And to suggest, as the column does, that travel advisors could omit, downplay or outright lie about the guidelines and the situation regarding travel at this moment, is not only disingenuous but unethical in and of itself. Times are tough, yes, but travel agents have built an unparalleled reputation they are hardly going to risk for an eight to 12 percent commission. For that kind of reward vs. risk, they better be booking one hell of an around-the-world trip.

(Which, uh, aren’t allowed at the moment anyway.)

Look, the bottom line is this. We’ve already seen how bad the pandemic has been. It has shut down the cruise lines completely and, at one point earlier this year, had planes leaving the gate with just one or two passengers. But to stop selling travel – or, in effect, to shut down the entire industry as the column seems to be suggesting – is not the answer.

And to say that selling travel right now is unethical is a slap in the face to everyone from a hotel CEO to the person who cleans the airport bathroom – all of whom contribute to an industry that makes this country go.

Source: https://www.travelpulse.com/opinions/column/the-ethics-of-travel-advisors-are-being-challenged-and-its-not-right.html

What Is the Future of Travel Under a Biden Presidency?

The travel industry is at a crossroads.

The devastation of the coronavirus pandemic has put airlines, cruise line companies, hotels, car rental businesses, restaurants, tourist attractions and suppliers and vendors to the industry on the brink of financial disaster.

If we aren’t there already.

So now that Democrat Joseph Biden has been projected to win the 2020 Election – pending final state certifications and expected litigation from President Donald Trump – the question must be asked.

What is the future of the travel industry under a Biden presidency?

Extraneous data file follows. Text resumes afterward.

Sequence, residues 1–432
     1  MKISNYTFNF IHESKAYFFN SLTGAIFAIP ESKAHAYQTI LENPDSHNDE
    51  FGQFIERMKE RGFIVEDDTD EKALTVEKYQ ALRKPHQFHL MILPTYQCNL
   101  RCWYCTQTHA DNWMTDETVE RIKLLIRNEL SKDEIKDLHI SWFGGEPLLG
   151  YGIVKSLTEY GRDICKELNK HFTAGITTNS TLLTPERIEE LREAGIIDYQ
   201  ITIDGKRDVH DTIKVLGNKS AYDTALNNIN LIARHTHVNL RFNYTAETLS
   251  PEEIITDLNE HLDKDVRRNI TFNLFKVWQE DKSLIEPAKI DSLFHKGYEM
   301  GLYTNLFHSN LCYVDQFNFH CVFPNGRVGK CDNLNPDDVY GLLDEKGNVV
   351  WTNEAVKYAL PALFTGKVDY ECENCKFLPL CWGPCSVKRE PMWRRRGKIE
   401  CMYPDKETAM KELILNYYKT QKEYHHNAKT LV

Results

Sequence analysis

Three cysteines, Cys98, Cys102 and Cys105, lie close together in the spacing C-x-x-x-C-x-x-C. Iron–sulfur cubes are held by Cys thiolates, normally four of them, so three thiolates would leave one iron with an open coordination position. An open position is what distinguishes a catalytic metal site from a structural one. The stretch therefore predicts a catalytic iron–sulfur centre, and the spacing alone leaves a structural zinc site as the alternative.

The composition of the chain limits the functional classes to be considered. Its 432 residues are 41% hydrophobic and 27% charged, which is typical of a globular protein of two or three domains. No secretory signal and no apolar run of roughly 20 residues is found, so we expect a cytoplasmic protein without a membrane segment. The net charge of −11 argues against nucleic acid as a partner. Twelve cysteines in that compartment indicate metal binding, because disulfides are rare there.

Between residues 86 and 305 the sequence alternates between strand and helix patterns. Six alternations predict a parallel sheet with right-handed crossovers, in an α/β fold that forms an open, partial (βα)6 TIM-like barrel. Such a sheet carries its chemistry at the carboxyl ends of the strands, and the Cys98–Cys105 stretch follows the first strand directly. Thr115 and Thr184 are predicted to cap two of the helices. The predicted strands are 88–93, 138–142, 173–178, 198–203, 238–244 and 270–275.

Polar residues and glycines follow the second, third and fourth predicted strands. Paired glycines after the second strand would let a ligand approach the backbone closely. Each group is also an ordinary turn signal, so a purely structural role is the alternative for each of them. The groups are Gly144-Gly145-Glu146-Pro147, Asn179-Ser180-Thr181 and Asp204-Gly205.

To know the severity of the situation one must consider the numbers.

In a great article, Forbes noted that according to the World Travel & Tourism Council, the global travel and tourism industry will lose 174 million jobs this year if current travel and quarantine restrictions continue. In the U.S., a report produced for the US Travel Association found that the Leisure & Hospitality sector accounted for 11 per cent of pre-pandemic employment in the United States and that 39 per cent of all jobs lost in the US economy is attributable to declines in travel.

“The American travel industry congratulates President-elect Joe Biden on his victory,” U.S. Travel Association President and CEO Roger Dow said in a statement. “We applaud President-elect Biden’s objective of helping the industries most heavily impacted by the pandemic. The travel industry accounts for more than a third of overall U.S. unemployment, and policies to promote relief, recovery, and stimulus for travel businesses are integral to a U.S. economic turnaround.”

Ironically, as polar opposite as the candidates were – and as polarizing as this election was – there are similarities between President Trump and President-Elect Biden when it comes to the travel industry.

Both men want an extension of the CARES Act stimulus package in order to provide airlines with another payroll protection program bailout after thousands have workers have already been laid off.

Trump banned flights to and from China when it first became apparent the coronavirus was making an impact in the U.S., and later put restrictions on travel to and from Europe. Biden supports flight bans and restrictions if the science says so, i.e. an order from the Centers for Disease Control.

Where Biden differs from Trump is the cause of all the angst in the industry – COVID-19. Biden has said he would have been, and now will be, more proactive than the reactionary effort of Trump. To that end, at least two major television networks reported that Biden will announce on Monday a 12-member task force to deal with the pandemic.